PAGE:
This misunderstands, and fundamentally misrepresents, the complaint of those who are upset with Chik-fil-A. Unlike Young and the Christianity Today crowd, these folks don’t primarily view the world through the lens of “stances.” They’re not upset with Cathy’s “stance,” but with his actions.

Because those actions matter. Dan Cathy and Chik-fil-A are exerting power against other people. They are using their financial power to leverage political power in order to deny others their rights.

Chik-fil-A’s critics aren’t concerned about Cathy’s opinions, but about his actions — his actions against them.

For Christianity Today, opinions are what matters most. For them, the important thing is Cathy’s “stance” and not the substance of his actions against others. They thus can’t begin to hear, let alone to understand, the substance of those others’ complaint against the fast-food giant. Evangelicals are obsessed with stances and words and opinions, so they assume this must all have something to do with stances and words and opinions.

Thus, for another example, we see ordained minister and Fox commentator Mike Huckabee asserting that LGBT customers are upset with Chik-fil-A “because the CEO, Dan Cathy, made comments recently in which he affirmed his view that the Biblical view of marriage should be upheld.”

Yes, Dan Cathy recently reaffirmed his views and his stance. That’s old news. The new news — the news that has led to calls for boycotts of Chik-fil-A — is that Cathy and his company are bankrolling political groups in an effort to deny other people the right to marry and to deny them the right not to be fired because of who they are.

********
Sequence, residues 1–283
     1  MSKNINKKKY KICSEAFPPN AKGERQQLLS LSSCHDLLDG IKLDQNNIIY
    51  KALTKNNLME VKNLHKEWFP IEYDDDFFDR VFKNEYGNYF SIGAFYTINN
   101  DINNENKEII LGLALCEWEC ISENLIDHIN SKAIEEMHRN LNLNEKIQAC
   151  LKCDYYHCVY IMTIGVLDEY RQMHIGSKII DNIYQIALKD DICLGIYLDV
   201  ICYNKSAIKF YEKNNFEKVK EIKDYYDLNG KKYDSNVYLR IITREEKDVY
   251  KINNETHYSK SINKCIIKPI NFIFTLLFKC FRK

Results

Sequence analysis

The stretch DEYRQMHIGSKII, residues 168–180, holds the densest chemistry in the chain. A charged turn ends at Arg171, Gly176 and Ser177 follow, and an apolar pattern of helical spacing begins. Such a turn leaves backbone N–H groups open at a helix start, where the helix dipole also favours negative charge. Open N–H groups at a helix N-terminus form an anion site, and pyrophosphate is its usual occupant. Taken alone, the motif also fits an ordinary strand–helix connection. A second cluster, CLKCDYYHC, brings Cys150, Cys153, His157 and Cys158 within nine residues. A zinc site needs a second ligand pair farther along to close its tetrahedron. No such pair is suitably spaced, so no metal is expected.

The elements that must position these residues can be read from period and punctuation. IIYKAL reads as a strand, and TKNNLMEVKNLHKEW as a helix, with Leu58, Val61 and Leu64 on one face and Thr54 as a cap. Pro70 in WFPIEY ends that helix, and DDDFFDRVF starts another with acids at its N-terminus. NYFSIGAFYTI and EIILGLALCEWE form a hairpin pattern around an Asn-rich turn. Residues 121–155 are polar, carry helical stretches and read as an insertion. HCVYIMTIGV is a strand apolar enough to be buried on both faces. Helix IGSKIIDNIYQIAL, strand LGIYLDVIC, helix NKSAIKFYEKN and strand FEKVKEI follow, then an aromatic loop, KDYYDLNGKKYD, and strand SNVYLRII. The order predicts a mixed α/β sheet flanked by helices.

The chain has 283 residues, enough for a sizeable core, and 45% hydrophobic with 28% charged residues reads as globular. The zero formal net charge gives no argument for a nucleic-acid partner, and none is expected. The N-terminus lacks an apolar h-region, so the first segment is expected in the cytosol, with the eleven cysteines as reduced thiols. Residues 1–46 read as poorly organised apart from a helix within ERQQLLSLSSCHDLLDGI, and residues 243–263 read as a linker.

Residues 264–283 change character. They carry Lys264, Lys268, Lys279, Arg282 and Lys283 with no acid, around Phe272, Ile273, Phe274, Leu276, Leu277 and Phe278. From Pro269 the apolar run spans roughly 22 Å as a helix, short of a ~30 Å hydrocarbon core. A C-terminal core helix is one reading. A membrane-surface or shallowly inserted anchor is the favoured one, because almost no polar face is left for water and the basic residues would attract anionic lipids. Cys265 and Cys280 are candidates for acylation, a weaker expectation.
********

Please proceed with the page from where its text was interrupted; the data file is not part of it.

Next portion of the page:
This isn’t about Cathy’s “views” or his “stance” — his opinions or his words. His history of such comments may have prompted a hilarious drag-queen Wilson Phillips parody (NSFW, and also an ear-worm warning) but Cathy’s words alone did not prompt calls for a boycott.

Those came after it was learned that Chik-fil-A’s corporate foundation was supporting groups like the Family Research Council. The FRC is a political lobby (and also, according to the SPLC, a hate-group). Chik-fil-A’s support for the Family Research Council and it’s viciously anti-gay agenda is a political act. It is an act of power against others and a use of power to harm others.

It seems strange that many evangelicals do not understand why those others — the victims or targets of Chik-fil-A’s politics — might thus be unhappy with Chik-fil-A. But that’s because this unhappiness has to do with substance, not with “stances.”

And if it’s not all about the proper stance, then these evangelicals just don’t understand what you’re saying.

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  • Sgt. Pepper’s Bleeding Heart

    Thought of a good example re the consumer choice thing:

    My local shops has a funky little cafe. It does no advertising and is extremely popular. It is owned and managed by women. It is explicitly gay-friendly and explicitly breastfeeding-friendly. It is vegetarian; at least a third of the menu is vegan and a similar proportion is gluten-free. Its coffee is exclusively fair trade and its eggs are exclusively free range. It composts all its compostable waste and recycles almost everything else. The food, coffee and teas taste great. It makes lovely little baked treats. It has a beer garden out the back, picnic tables out the front and cool bench seats with cushions inside. Its staff are friendly and provide great service. They cook right in front of you. There are a range of newspapers spread out for you to read. They’re happy for you to sit there for an hour with a coffee. The owner works on site, preparing food alongside the other staff. They have funky art on the walls and funky music on the CD player. They support local charities. They host various community events. They have a bulletin board outside that anyone is free to post messages on. They know the name and coffee order of the regulars.